More tracker power saving tricks…

I’ve now employed a bunch of tricks to reduce power consumption. Here’s what I’d done…

[Updated: Updated to include the 4.13 mA overhead of the Arduino itself in full power mode]

  1. Initial fully powered level: GPS & Radio draw 102.13mA
  2. Altered GPS so that it uses battery backup to remember satellites, and powers off between reads. I’m now also taking 25 readings, using the last 10 as they are going to average out to be more accurate. This means my average seek time for GPS location is now 42 seconds – form start to finish. So for 42 seconds my power draw is now 65.13mA.
  3. Altered radio to power off entirely, then come on for 5 seconds (to pair), transmit, wait for 2 seconds (incase of error correction/retries), and power off. So for 7 seconds my power consumption is 32.13mA.
  4. Added a delay where both GPS and Radio are not powered. This was 30 seconds, but I’m going to make it 1 minute 41 seconds (2.5 mins minus the 49 seconds above). This gives me 101 seconds at 4.13mA.
  5. Calculating all the above gives me 20 readings an hour. Over a 2.5 minute full cycle my unit will draw an average of 39.87mA

A power draw of 19mA with a 2000mAh battery gives me 50.16 hours of operation – or just over 2 days.

A 5 minute wait time will mean an average of 12.11mA, or 165.26 hours (6.88 days) of operation. This will give me a positional update every 6 minutes.

Of course the above assumes you’re always in contact. Perhaps unlikely. Given D of E requires 6 hours (Bronze) to 8 hours (Gold) of ‘planned activity’ outside of a campsite each day it would be easier to send updates more regularly, but turn the device off overnight.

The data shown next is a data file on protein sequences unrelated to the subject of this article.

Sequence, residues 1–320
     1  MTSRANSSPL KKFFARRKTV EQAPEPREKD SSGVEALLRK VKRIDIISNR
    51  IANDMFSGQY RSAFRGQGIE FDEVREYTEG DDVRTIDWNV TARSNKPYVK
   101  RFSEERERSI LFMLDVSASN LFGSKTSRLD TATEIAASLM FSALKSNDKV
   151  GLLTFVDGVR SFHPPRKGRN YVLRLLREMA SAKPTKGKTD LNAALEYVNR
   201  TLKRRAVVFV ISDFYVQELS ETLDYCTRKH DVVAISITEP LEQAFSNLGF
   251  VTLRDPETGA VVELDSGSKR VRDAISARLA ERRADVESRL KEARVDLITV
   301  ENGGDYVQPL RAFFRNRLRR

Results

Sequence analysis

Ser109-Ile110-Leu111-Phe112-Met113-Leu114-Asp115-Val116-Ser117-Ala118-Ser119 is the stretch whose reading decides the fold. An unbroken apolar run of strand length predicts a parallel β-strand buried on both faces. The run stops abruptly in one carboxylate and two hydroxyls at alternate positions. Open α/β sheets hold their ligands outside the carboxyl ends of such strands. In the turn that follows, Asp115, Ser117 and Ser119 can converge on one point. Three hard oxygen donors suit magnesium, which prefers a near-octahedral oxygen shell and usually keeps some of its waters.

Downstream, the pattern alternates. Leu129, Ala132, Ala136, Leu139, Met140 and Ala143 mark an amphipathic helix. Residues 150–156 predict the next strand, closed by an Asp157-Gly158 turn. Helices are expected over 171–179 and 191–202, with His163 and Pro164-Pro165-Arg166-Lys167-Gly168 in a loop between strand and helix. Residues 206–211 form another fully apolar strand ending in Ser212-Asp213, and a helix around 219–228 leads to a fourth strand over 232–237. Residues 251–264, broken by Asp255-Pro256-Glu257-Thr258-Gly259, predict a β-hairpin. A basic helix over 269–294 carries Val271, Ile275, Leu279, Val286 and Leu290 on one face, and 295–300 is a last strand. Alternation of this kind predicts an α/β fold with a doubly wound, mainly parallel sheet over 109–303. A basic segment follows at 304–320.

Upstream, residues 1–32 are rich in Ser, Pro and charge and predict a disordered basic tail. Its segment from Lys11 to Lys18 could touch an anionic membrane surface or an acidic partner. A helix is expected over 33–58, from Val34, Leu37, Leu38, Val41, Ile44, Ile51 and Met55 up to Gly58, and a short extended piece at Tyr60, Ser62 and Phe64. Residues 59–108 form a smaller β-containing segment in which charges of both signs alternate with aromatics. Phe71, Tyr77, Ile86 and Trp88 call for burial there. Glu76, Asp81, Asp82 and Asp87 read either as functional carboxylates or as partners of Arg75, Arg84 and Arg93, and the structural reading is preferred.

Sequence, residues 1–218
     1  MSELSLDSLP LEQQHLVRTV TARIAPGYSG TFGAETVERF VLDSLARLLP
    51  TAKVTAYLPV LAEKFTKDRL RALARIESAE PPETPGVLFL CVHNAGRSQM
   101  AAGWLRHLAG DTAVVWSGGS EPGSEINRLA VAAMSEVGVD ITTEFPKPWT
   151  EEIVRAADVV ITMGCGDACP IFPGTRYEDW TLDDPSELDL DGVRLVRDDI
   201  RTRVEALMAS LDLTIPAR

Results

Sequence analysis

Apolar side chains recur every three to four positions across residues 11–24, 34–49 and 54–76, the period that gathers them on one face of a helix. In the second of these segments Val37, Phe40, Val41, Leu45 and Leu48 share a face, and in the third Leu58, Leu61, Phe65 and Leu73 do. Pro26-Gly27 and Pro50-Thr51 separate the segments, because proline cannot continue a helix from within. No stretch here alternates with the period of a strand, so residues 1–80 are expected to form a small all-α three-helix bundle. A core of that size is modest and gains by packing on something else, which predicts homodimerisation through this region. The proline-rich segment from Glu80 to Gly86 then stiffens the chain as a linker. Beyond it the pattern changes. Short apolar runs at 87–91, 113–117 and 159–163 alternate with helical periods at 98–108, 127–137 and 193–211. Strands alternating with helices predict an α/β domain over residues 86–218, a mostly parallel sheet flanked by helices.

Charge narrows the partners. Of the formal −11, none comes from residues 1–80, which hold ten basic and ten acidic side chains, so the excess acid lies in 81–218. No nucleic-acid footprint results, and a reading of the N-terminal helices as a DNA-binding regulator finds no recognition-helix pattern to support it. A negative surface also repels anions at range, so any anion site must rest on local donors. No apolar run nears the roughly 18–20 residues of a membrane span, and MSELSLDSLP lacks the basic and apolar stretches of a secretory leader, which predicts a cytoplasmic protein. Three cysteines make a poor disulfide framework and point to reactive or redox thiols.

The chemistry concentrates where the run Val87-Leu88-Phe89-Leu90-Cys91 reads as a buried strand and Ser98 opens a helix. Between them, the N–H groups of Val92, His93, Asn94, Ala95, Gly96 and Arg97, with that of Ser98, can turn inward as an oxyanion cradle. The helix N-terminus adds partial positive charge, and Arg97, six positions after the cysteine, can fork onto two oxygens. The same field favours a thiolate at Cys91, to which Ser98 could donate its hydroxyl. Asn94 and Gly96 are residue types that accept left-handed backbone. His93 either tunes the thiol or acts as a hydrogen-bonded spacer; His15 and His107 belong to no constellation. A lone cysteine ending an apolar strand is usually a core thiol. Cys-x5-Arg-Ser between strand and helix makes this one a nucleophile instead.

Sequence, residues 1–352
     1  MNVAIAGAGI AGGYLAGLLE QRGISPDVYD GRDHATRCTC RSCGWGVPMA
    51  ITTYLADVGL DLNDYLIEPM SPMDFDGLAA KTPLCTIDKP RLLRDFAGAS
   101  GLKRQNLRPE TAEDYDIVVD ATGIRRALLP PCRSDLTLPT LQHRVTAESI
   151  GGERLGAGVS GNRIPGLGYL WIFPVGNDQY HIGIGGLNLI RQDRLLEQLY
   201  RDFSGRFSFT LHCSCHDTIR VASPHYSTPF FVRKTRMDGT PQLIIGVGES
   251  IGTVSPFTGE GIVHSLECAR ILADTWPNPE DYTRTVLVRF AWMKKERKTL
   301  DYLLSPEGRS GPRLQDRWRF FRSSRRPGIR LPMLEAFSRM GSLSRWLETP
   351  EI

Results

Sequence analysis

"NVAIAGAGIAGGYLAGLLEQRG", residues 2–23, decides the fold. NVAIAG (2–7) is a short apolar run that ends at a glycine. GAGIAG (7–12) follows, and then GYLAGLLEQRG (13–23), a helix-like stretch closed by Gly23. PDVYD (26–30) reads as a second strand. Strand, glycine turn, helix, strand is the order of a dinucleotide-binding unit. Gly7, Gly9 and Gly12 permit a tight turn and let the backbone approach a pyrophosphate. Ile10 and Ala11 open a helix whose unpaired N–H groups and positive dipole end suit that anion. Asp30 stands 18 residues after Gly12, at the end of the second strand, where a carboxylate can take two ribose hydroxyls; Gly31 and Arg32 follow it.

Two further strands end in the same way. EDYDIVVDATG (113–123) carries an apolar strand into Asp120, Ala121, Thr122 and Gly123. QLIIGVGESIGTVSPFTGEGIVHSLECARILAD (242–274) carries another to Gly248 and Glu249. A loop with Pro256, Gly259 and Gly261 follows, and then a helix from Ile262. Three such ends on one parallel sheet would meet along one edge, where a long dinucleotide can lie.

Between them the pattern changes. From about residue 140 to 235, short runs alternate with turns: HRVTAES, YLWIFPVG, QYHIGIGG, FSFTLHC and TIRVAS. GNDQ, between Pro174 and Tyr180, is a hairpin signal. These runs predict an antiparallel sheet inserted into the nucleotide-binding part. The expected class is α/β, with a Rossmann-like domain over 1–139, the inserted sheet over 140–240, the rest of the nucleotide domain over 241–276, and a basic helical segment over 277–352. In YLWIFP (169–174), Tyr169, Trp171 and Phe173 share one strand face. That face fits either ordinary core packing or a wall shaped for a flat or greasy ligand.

There are governance issues with this, plus what if a switch turns off accidentally inside the rucksack? All too common.

A good solution is probably to use a key switch. These keys could be kept with the team or the supervisor. This means you can send an update every 37 seconds (or better) – say 30 seconds for my maths. This means you only get 19.56 hours – but that’s easily over the 12 hours for a Bronze weekend (2x6hrs), Silver would be 21 hours (3x7hrs) and Gold 40 hours (5x8hours – 1×8 acclimitisation, 4×8 expedition). So for Gold you could have a replacement battery, solar charger, or just a second unit.

Where next?

Of course none of the above actually takes in to account the Arduino Pro Mini 3.3V’s power consumption. [Update: The above does now – average for a 3.3V Arduino Pro Mini whilst doing nothing else is 4.13mA] This can be as high as 16 mA according to some blog posts. These posts also mention some tricks using Arduino sleep mode which I may try out.

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